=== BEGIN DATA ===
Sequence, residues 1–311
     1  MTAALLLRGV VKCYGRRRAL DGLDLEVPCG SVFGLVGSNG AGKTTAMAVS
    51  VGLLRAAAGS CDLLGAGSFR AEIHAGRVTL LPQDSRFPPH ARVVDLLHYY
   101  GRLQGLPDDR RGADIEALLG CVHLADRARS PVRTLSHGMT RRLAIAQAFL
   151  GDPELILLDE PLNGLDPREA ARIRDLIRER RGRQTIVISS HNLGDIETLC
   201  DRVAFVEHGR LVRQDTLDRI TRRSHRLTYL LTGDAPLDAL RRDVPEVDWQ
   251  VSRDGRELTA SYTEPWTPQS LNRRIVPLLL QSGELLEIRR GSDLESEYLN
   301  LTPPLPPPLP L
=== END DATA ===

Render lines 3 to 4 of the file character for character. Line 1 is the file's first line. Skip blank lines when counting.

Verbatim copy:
    51  VGLLRAAAGS CDLLGAGSFR AEIHAGRVTL LPQDSRFPPH ARVVDLLHYY
   101  GRLQGLPDDR RGADIEALLG CVHLADRARS PVRTLSHGMT RRLAIAQAFL